Twitter permanently suspended the account of the official account of the Arizona Legislature’s audit of Maricopa County ballots, along with several other audit accounts on Tuesday. The official account, @ArizonaAudit, is offline, with a message stating it is suspended, as is a second account that appears affiliated with the audit, @AuditWarRoom.
Four more accounts associated with audits taking place in Wisconsin, Nevada, Pennsylvania and Georgia were suspended, along with some accounts that were fundraising for the audit. One was run by One America News Network’s Christina Bobb. Voices & Votes raised $150,000 for the audit. Bobb tweeted, “They are blocking the release of audit information on Twitter.”
Kelly Dixon, assistant director for the Maricopa County Election Department’s recruitment and training division, who admitted she knew there were “issues and concerns” with voters marking ballots with Sharpies, donated to Senator Mark Kelly (D-AZ). She earmarked a $100 contribution to him through a donation she gave to the Democratic campaign fundraising organization ActBlue, Headline USA reported on Monday.
Maricopa County voters complained about poll workers handing them Sharpies on election day that bled through the ballots. Dixon knew ahead of election day that using sharpies to mark a ballot was an issue. In an email dated October 22, she wrote “Starting tomorrow, 10/23, and through 11/2, we are asking the Clerks hand voters BALLPOINT PENS rather than markers.” However, she then said “We NEED to use markers on Election Day.” She did not explain why. Republicans voted on election day in huge numbers last year, driven by fears of voter fraud. A Gallup survey found that 62% of Democrats said they would vote early last fall, compared to only 28% of Republicans.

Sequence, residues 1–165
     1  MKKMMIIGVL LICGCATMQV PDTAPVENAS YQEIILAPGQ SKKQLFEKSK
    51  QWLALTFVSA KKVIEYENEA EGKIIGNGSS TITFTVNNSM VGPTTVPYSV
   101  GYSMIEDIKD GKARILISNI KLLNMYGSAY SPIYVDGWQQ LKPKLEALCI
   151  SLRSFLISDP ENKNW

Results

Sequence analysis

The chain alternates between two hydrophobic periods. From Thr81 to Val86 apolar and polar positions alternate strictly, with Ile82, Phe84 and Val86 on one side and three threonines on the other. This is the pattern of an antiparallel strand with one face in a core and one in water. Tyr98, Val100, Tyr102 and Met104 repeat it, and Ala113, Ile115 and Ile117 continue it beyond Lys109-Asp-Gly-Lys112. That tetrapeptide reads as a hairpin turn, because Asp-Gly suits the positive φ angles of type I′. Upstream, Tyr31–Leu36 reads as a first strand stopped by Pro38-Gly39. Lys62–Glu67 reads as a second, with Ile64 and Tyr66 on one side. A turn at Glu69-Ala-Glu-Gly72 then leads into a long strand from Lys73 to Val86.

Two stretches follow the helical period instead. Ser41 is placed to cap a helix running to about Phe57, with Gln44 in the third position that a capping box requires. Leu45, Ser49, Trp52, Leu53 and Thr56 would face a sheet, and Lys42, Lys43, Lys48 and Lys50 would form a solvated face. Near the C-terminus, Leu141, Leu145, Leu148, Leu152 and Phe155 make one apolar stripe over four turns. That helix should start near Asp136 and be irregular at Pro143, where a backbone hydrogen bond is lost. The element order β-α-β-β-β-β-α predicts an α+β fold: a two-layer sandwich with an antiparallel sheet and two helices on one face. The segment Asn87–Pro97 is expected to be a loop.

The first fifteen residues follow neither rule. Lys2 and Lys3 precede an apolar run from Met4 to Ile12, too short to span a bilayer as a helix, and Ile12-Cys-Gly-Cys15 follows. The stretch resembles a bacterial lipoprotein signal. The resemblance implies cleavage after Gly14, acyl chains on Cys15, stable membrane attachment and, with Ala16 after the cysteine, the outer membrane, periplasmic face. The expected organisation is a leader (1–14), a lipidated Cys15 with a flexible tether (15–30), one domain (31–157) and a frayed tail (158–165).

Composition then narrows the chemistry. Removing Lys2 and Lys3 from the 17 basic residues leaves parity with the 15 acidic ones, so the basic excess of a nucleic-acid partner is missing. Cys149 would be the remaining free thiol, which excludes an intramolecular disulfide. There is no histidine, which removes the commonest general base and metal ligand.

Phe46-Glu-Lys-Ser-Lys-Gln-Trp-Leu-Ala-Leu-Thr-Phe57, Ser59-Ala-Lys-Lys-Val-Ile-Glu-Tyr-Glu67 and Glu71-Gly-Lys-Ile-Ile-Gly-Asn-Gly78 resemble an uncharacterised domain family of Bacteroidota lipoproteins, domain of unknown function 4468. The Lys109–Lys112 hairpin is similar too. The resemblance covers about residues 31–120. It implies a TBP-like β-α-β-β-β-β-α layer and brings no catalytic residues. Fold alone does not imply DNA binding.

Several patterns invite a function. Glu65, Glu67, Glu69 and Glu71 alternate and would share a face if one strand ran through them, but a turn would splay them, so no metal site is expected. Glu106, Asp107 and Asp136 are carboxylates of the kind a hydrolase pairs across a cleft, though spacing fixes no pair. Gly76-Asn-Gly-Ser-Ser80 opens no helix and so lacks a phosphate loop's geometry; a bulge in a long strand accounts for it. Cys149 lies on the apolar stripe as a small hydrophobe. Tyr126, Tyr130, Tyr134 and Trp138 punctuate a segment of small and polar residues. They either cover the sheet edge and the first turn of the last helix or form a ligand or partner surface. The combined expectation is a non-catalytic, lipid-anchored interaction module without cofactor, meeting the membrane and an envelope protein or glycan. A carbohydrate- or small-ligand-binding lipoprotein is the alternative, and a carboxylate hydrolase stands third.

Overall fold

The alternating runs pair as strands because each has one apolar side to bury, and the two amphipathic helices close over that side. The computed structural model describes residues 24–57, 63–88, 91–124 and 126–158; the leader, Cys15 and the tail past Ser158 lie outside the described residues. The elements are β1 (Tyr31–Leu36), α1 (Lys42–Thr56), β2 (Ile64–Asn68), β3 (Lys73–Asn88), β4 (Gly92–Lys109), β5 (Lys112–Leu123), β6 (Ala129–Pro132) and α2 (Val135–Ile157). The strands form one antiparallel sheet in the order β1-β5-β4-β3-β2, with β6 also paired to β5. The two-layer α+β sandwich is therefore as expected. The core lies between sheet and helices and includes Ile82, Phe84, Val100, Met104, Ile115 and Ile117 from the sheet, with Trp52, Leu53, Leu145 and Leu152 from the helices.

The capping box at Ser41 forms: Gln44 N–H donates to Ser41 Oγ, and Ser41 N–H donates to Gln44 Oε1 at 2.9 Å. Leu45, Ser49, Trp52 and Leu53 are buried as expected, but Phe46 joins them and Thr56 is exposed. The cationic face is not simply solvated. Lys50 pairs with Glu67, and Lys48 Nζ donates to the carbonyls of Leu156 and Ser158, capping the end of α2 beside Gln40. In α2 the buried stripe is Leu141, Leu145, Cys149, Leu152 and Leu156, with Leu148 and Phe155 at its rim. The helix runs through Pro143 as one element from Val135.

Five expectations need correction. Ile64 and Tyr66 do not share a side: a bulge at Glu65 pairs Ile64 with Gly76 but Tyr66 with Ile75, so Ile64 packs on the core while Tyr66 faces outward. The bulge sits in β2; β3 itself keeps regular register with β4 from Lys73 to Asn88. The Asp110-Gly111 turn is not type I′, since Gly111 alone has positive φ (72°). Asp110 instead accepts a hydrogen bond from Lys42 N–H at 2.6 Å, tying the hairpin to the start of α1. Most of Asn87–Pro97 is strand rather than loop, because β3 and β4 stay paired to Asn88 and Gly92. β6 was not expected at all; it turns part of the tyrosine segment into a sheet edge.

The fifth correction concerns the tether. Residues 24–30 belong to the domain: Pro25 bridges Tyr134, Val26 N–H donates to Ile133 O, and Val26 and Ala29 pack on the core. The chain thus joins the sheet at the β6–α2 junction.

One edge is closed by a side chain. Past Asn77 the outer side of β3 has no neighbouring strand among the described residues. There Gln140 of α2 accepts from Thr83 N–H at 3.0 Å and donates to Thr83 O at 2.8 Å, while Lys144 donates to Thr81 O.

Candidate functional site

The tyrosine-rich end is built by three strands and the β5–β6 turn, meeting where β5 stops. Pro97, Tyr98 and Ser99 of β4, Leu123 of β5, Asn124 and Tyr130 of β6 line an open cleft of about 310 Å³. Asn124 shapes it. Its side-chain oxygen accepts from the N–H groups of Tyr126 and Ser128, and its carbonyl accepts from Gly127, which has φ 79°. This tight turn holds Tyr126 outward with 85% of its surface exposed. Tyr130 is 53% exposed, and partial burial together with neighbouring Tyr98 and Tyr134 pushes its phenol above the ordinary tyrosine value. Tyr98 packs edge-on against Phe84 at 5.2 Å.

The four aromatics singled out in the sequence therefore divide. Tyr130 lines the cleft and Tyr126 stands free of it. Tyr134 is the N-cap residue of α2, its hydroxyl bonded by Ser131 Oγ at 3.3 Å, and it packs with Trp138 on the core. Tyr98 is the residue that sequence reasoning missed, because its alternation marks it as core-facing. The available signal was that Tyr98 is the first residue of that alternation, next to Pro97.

During the Arizona Senate hearing on the election audit in Maricopa County Thursday morning, audit officials reported discovery of issues such as ballot duplicates and surpluses, voter roll data, and machine security. The audit officials testifying were Senate Liaison Ken Bennett, Cyber Ninjas CEO Doug Logan, and digital security firm CyFIR founder Ben Cotton. Cyber Ninjas is conducting the audit.
The Arizona Sun Times checked the Arizona legislature website at 8 am MST. The website was down. All that was displayed was an error message that said service was unavailable. The website remained that way until sometime after the Senate hearing began.
The audit of Maricopa County ballots cast in the 2020 election ordered by the Arizona Legislature finished last month, and State Senate President Karen Fann (R-Prescott) said Tuesday the ballot totals don’t match the county’s official results. She told KTAR News 92.3 FM’s The Mike Broomhead Show, “They haven’t released a number yet, if you will, however we do know that those numbers do not match with Maricopa County at this point.”
When asked about the degree of the discrepancy in the audit versus the official county tallies, Fann said, “I do not know. They have not told me the number;” adding that the auditors are “finishing up.”